For those looking west just after sunset until roughly the next couple of weeks, you’re in for a treat. There is a comet visiting the solar system. It is currently as close as it will get to Earth and will not return for another 6800 years. In the coming weeks, it will likely be getting fainter. If you are within the city or even suburbs, you will need a pair of binoculars to see it, but the good news is that it will rise higher and higher.
This was my first time back to shooting astrophotography since 2013 when we were hunting Comet PanSTARRS. In the last week, I have been shooting from the city, but haven’t had the best results (progression is below). Shooting in the city with the sky glow shortly before or after sunrise/sunset was the biggest challenge. Getting away beyond the city lights makes an enormous difference.
It’s always fun to blend my favorite hobbies and astronomy, photography and travelling to a remote site makes this a social-distancing friendly activity.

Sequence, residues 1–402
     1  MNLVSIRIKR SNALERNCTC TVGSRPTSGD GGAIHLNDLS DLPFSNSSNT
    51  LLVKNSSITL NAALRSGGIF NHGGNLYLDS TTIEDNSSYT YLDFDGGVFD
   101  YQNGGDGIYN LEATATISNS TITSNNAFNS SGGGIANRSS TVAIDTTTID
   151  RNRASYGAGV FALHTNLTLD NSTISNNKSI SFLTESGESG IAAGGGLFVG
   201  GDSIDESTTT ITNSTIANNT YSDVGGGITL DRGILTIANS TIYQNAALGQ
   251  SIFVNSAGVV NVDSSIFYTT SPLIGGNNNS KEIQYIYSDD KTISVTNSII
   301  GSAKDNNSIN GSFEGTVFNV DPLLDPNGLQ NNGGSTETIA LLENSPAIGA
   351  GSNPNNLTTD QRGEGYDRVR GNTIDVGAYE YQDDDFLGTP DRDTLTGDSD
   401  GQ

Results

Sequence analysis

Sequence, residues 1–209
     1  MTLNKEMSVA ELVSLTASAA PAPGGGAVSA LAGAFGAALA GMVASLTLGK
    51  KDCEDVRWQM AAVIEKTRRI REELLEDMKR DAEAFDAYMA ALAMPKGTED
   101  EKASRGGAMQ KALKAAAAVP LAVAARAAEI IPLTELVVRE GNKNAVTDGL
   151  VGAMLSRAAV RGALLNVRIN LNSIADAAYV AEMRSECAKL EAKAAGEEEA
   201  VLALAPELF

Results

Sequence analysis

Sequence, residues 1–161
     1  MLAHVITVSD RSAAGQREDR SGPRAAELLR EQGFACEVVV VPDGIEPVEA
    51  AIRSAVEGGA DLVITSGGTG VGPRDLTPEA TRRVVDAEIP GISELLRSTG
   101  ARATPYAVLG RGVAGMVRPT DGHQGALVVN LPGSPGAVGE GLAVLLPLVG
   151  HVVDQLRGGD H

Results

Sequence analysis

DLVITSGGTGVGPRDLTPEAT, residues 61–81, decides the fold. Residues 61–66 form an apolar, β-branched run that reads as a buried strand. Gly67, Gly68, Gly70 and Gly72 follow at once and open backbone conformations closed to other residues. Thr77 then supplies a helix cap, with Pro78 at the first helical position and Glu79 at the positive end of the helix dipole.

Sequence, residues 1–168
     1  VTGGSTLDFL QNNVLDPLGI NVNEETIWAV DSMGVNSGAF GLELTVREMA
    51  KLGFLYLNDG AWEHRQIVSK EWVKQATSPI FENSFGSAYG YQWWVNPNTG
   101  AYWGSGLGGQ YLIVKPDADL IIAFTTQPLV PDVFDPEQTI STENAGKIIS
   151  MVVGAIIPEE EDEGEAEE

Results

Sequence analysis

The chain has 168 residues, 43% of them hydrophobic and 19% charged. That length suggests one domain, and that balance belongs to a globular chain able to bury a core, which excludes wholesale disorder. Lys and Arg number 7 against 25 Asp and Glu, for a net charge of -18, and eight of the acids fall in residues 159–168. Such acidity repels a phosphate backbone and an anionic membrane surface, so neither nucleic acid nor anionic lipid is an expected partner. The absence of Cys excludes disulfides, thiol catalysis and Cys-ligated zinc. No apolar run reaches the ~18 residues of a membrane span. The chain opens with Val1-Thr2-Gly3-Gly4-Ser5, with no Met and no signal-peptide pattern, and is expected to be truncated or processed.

Location: Astronomy club dark site near Atoka, Oklahoma
Time/Date: July 19, 2020 22:40 CST
Camera: Canon 5D Mark III
Lens: Canon EF 70-200mm f/2.8L IS with Arca Swiss lens plate
Tripod: Manfrotto 190XPROB
Mount: Gitzo G1177M Magnesium Center Ball Head with Really Right Stuff B2-PRO Screw Clamp
Exposure information: 77 x 5 sec lights, 93 x 5 sec darks, 69 dark bias. Photo taken at 200mm @ F/2.8, 12,800 ISO
Stacking: Sequator (align stars, select best pixels to remove satellites and one airplane), Auto brightness, and HDR on. Everything else off.
Processing: Imported into Adobe Photoshop Lightroom Classic. Boosted contrast, shadows, clartiy, dehaze, vibrance, and saturation. Decreasd highlights, whites, blkacks. White balance adjustment towards cooler temperatures, slight tone curve adjustment, HSL sliders to decrease some color noise. Several gradient and radial filters within and around the comet to add contrast and darken skies. Slightly cropped and exported to JPEG.
A longer shutter speed, higher ISO, and wide open lens were used to capture as much light as possible. Because I had no tracking mount, 5 seconds was chosen to push the shutter speed to just beyond the limit of the 500 rule, with a minimal but acceptable amount of star trailing.